- Laurentian gets “A”s from students for class size, the sense of personal safety and security, the availability of faculty to students outside of class, the level of interaction with faculty and physical fitness/sports/recreational facilities. Laurentian gets “D”s for food services and the availability and affordability of off-campus housing. The report highlights Laurentian’s programs in Outdoor Adventure Leadership, Forensic Science and Midwifery. You can review the aggregate results of all universities on 17 broad categories here, as well as Laurentian’s specific results per field of study on 37 indicators here compared with the average of Canada’s similar-sized universities.
One of my performance goals set by the Board is to continue improving student satisfaction relative to other universities. In August, we took time during a full-day meeting of the 35 member University Leadership Group to walk through the indicators of the Globe and Mail student satisfaction survey to get a better understanding of where do we well and where we could do better, identify the indicators where there was already priority attention planned for the coming year and which other colleagues were also planning to focus on the same indicator in the coming year. I have encouraged the deans and directors to ask their respective faculty, staff and students:
1) What do we know that students want on a given indicator? (If we don’t know, how are we going to find out?)
2) What are the effective practices in other postsecondary institutions which either have outstanding results year after year on a given indicator or have improved significantly and steadily over time? (Keeping in mind in that some areas, we are the university that others look up to).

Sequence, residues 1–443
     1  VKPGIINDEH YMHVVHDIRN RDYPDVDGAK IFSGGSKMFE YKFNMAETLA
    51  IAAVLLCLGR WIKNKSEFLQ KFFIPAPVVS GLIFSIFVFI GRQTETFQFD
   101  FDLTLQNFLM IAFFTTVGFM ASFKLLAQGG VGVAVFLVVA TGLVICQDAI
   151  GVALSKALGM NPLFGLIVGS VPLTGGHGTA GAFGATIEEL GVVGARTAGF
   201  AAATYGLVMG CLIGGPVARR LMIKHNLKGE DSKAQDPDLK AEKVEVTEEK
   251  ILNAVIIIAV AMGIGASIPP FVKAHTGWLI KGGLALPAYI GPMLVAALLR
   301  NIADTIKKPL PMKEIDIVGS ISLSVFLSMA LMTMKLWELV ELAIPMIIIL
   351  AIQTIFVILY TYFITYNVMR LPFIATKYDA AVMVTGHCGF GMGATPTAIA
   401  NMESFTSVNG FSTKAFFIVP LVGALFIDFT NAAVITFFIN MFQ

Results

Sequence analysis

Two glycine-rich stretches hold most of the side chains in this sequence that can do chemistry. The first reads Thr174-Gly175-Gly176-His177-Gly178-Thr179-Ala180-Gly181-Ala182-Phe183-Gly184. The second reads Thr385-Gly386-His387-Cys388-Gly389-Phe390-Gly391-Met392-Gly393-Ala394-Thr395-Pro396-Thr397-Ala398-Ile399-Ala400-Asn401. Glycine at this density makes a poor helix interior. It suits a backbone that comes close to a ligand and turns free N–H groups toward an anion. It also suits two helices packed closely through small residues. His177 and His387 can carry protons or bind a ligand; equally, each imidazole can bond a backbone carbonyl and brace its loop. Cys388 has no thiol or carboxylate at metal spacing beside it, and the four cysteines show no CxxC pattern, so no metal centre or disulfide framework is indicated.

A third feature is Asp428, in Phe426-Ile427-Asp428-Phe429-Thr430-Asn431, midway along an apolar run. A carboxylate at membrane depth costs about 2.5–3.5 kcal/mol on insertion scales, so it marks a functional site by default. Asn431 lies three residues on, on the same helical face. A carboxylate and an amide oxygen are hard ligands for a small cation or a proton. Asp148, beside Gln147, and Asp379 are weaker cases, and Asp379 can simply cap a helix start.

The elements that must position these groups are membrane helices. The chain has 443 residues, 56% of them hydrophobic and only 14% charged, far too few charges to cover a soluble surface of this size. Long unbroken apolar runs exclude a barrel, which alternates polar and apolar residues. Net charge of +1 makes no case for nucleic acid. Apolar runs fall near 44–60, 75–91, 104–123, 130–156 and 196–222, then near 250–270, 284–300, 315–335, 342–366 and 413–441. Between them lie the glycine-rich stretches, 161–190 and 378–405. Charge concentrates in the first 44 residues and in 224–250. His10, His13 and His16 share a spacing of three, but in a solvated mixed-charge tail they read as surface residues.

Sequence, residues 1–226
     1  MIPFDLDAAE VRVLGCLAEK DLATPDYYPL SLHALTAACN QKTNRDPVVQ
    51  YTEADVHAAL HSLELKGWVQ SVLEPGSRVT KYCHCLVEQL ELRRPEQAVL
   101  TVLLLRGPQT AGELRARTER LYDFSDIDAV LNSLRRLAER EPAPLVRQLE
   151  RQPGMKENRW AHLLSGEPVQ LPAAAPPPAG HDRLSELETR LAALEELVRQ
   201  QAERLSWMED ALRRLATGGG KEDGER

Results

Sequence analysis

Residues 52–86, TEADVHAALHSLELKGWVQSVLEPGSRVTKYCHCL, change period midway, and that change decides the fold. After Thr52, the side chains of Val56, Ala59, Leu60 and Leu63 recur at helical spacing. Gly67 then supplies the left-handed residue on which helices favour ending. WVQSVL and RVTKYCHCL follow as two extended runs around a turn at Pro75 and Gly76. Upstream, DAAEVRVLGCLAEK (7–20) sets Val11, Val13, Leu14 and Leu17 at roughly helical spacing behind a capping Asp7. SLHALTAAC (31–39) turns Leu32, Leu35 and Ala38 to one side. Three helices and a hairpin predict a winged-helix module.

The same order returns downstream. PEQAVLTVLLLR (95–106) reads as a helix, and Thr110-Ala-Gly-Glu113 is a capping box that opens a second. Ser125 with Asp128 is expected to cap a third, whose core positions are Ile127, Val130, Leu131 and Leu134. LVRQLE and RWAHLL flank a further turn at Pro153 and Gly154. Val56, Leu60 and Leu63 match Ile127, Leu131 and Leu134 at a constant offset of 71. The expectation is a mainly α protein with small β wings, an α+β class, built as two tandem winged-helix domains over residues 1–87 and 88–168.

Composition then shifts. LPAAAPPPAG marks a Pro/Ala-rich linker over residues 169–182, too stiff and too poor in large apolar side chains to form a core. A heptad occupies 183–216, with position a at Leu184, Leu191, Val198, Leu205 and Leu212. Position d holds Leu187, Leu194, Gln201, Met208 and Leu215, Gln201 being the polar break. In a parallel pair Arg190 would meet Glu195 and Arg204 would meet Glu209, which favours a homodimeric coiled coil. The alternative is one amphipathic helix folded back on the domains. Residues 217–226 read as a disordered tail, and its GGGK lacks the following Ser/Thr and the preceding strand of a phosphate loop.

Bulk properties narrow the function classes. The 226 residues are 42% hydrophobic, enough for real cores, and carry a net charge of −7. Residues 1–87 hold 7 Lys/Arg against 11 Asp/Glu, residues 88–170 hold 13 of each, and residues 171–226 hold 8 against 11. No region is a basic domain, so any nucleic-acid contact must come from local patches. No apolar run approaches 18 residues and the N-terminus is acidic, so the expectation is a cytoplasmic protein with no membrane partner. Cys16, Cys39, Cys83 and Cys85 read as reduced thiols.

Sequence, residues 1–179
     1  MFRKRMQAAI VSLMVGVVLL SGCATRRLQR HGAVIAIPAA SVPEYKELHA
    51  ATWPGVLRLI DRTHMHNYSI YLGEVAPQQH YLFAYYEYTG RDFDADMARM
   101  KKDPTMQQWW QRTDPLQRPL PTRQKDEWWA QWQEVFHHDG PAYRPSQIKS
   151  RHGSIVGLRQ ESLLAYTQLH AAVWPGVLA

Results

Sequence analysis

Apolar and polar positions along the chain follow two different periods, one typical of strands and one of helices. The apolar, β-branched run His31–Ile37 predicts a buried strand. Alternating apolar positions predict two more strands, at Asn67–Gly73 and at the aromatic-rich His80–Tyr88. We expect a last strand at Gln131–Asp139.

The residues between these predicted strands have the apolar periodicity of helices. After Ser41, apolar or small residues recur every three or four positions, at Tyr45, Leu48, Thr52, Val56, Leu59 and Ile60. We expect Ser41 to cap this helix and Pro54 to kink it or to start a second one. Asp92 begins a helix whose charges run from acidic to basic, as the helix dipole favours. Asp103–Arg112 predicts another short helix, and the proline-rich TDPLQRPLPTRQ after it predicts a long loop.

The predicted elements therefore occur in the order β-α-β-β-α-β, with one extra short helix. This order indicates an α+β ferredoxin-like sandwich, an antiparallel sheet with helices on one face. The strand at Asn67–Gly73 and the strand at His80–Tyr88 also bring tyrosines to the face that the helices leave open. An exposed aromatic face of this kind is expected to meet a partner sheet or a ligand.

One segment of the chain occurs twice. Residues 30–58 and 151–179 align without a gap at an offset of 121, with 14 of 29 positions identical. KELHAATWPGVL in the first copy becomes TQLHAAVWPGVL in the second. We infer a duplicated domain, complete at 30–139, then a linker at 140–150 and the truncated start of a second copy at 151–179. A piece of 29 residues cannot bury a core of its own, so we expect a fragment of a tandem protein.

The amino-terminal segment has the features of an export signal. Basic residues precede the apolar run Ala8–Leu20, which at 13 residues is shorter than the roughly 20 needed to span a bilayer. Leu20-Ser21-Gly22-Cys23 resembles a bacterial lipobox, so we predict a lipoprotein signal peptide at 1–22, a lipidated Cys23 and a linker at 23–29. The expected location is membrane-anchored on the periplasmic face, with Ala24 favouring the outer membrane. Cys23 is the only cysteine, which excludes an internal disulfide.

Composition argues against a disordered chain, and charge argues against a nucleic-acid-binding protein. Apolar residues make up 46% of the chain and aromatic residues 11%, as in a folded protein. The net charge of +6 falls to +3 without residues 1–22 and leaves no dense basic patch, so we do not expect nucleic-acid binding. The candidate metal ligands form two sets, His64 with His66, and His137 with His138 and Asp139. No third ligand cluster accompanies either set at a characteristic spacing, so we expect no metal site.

3) What are we going to do about it?
4) How are we going to make sure that students know that we have done something about it?
Some examples of recent improvements aimed at enhancing student satisfaction include the expansion of the role of the First Year Experience Office to become a broader Student Success Office, the organization of 10 orientation sessions during the summer for first year students, the optimization of the timetable to level out the course offerings throughout the week to increase the course selection to students, the introduction of the new on-line learning management system, and the approval of a $20 million new residence to accommodate 236 more students on the Sudbury campus starting in 2012.
Can we do better? Absolutely, and we will. The Vice-President, Academic and Provost, Dr Robert Kerr, and the Associate Vice-President, Student Affairs, Denis Mayer, have already planned regular discussions with student associations to continue working towards an enhanced student experience. Our future Vice-President, Administration, Carol McAulay (herself a former president of the University of Guelph’s Central Student Association and former treasurer of the Ontario Federation of Students) will join them upon her arrival on February 14th.
As usual, I welcome comments and questions on the topics discussed in my blog postings, or any other matter that may be of concern to you. My email is: email@example.com I would particularly welcome your suggestions on specific ways by which the University could improve student satisfaction.